My new desk calendar is from Bylines and has some interesting quotes, like the one about comparing oneself to other writers. It's a mixed bag and sometimes gets ugly, especially when comparing oneself to a writer that the red-suited demon on the left shoulder says the other writer is better. That breeds contempt and envy and neither are good for a writer's soul. Of course, that is not to say that one writer is better than another or that one writer cannot learn from another; that would be untrue. And there are some writers who are worth reading and learning from, but that doesn't mean they are necessarily better or worse or that it's wrong to dislike another writer's work; that's all part of the mystery and difference of being human. To dislike another writer's work is purely subjective, although sometimes it's also an accurate evaluation. What one person likes another may dislike with impunity and without envy. It's all a matter of taste.

For instance, I recently read a review of Stephanie Meyer's vampire series that hit on what makes the series so successful. It's not the writing, but the way people respond to the themes and emotions in the book. That first flush of love and romance in a teenage girl's life and the primal urges that nearly overwhelm a girl when she falls in love for the first time, perched on the edge between innocence and sexual awakening. In that respect, Meyer has touched on something. Technically, the writing is amateurish and -- in at least a few editors' and agents' and reviewers' estimation -- bad. One thing I have learned is that a book or story can fail technically and still retain a spark of magic in the characters and the story line that resonate. I've read enough amateur memoirs to enjoy the story while I cringed at the grammar and lack of technical ability. Even a madman's tale can hit on the truth now and then if you can bear to slog through the inanities heaped on all sides. It's sort of like finding a perfect diamond in the midst of a compost heap.

I hope readers will find a few gems scattered among the dust and compost in my posts and stories and novels. When you get right down to it, it depends on how many people are willing to take a chance and look -- and then tell their friends and relatives and anyone else who will listen. That is the secret to success -- putting the gems as close to the surface as possible.

Monday, December 29, 2008

News flash

I just finished writing the last review for Authorlink for 2008 and decided to count up how many reviews I've written for them this year, which does not include the reviews I've done for other sites or authors. I read and reviewed 69 books this year. That is a new high for me.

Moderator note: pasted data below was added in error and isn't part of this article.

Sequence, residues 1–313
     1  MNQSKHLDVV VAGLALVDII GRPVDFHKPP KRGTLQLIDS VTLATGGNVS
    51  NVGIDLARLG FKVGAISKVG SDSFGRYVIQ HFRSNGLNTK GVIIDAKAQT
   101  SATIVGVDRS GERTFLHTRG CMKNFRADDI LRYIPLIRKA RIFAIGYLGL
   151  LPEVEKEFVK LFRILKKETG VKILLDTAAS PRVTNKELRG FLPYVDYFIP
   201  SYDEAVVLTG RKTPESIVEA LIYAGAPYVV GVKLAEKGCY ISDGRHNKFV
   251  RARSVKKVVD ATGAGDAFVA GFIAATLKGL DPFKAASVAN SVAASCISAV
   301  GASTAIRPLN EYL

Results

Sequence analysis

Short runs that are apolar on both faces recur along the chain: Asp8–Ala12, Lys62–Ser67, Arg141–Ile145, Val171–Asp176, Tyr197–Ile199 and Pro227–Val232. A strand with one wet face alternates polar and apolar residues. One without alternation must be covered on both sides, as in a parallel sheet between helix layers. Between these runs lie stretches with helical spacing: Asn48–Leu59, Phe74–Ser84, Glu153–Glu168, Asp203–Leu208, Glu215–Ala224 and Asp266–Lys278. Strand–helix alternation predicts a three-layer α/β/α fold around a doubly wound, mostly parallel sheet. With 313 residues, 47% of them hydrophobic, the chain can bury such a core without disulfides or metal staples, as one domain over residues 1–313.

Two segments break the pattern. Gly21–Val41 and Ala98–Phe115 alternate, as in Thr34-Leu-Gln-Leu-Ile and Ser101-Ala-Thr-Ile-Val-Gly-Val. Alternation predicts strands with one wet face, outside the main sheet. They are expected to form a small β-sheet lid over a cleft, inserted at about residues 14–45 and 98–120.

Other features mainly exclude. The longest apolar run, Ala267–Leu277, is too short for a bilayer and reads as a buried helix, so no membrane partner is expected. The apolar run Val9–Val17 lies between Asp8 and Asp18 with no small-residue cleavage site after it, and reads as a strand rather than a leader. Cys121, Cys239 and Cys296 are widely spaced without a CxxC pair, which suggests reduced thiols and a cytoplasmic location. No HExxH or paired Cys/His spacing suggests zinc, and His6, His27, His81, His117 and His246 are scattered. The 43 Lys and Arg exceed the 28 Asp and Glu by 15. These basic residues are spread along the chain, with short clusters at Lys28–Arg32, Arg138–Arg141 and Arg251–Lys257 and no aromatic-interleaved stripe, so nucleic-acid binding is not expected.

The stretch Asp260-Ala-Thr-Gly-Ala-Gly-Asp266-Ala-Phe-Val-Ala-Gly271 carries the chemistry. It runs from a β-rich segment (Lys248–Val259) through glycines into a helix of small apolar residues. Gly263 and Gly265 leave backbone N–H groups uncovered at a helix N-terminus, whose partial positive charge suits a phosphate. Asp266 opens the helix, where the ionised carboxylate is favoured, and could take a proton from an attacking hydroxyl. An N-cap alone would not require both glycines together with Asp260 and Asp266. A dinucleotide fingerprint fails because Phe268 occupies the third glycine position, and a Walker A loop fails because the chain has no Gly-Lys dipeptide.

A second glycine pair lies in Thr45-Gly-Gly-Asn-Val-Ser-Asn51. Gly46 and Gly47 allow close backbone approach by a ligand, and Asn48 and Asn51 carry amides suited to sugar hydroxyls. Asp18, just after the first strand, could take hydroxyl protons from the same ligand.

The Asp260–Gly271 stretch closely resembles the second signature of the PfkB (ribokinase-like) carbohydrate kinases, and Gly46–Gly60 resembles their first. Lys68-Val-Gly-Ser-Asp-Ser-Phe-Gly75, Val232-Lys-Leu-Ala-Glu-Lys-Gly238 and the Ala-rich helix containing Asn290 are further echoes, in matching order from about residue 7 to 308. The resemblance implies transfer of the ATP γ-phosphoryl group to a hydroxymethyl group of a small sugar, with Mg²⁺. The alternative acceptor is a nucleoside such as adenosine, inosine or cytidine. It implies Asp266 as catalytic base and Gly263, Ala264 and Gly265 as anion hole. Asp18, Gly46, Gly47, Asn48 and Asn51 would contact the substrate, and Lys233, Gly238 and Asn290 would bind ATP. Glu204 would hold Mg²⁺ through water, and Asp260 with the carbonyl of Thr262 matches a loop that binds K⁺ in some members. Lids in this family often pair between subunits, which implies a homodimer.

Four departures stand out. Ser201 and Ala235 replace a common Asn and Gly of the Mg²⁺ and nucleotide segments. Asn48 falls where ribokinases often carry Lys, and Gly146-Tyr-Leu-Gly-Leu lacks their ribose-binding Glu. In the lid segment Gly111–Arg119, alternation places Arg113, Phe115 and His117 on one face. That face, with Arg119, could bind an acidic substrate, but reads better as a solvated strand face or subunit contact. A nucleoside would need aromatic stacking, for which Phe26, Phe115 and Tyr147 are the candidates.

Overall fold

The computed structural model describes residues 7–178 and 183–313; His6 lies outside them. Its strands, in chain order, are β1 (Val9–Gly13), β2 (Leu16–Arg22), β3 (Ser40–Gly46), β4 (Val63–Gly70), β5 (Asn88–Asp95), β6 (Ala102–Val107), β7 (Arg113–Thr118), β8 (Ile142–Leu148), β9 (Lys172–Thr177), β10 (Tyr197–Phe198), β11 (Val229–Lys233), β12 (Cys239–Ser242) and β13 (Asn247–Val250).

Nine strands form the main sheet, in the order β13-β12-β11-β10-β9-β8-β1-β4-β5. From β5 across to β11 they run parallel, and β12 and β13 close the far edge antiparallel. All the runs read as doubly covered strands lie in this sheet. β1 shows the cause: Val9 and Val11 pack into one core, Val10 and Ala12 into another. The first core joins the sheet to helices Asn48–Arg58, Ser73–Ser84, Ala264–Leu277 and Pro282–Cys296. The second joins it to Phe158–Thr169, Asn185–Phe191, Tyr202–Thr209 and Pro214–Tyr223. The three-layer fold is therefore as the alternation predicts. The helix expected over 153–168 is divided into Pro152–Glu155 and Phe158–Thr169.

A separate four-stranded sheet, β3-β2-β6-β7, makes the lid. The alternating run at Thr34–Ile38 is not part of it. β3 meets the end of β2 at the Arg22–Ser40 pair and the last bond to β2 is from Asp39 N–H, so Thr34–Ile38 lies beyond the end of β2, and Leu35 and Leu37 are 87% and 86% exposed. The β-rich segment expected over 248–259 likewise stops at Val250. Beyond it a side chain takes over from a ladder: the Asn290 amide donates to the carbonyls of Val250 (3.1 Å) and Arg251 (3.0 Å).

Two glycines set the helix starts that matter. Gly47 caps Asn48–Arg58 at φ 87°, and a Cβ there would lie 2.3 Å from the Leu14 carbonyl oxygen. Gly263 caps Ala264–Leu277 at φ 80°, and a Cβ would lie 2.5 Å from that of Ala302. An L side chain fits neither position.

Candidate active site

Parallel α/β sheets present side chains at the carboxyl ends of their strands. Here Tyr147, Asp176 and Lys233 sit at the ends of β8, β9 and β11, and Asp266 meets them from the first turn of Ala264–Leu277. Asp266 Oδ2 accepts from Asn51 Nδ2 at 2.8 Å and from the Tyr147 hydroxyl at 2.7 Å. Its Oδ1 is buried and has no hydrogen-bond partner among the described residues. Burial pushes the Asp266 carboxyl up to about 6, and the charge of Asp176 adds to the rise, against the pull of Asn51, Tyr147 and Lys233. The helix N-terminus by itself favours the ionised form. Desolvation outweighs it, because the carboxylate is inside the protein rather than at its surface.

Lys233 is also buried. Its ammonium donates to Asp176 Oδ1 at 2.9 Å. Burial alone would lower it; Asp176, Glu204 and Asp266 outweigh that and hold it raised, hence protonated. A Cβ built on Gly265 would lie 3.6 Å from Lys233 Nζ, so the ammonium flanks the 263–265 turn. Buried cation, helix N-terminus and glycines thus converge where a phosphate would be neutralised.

The reviews include everything from nonfiction to fiction in every single genre. Not bad for someone started six years ago as a horror reviewer for Authorlink.

This has been a banner year in many respects, not the least of which is seeing stories in six anthologies hit the bookstores, selling one novel to be published in July 2009 and then selling two more novels to be published in the fall of 2009. My best male friend apologized and decided he did want me in his life and, although things have been difficult at times, it looks like this time he's going to stick around for good. I've reconnected with old friends and made a few new ones, but the best part of all of this has been getting closer to the good friends that have always been there.

John told me today that instead of looking at the end of the year and heaving a big sigh that it's over, we should look at each day as a gift and be grateful for it. Then he said he'd been spending too much time with me because he was beginning to sound like me. Imagine that. I've begun to rub off on him.

With all of its ups and downs, I'm sure everyone can find a few things to be grateful for in 2008. I know I can -- and have. The best is yet to come. Each and every morning is a blank sheet just waiting to be filled. I know how I'm going to fill mine. How about you?

I don't believe in making new year's resolutions because they never last, but it's always a good idea to find one thing you have the power to change. Mine is spending more time writing because I need to put more books out. What is yours?

On, one last thing. I made egg nog for the first time and it turned out great -- even without the bourbon and brandy. That's one more thing to add to the list of accomplishments. A small accomplishment to be sure, but one should never under estimate the power of egg nog.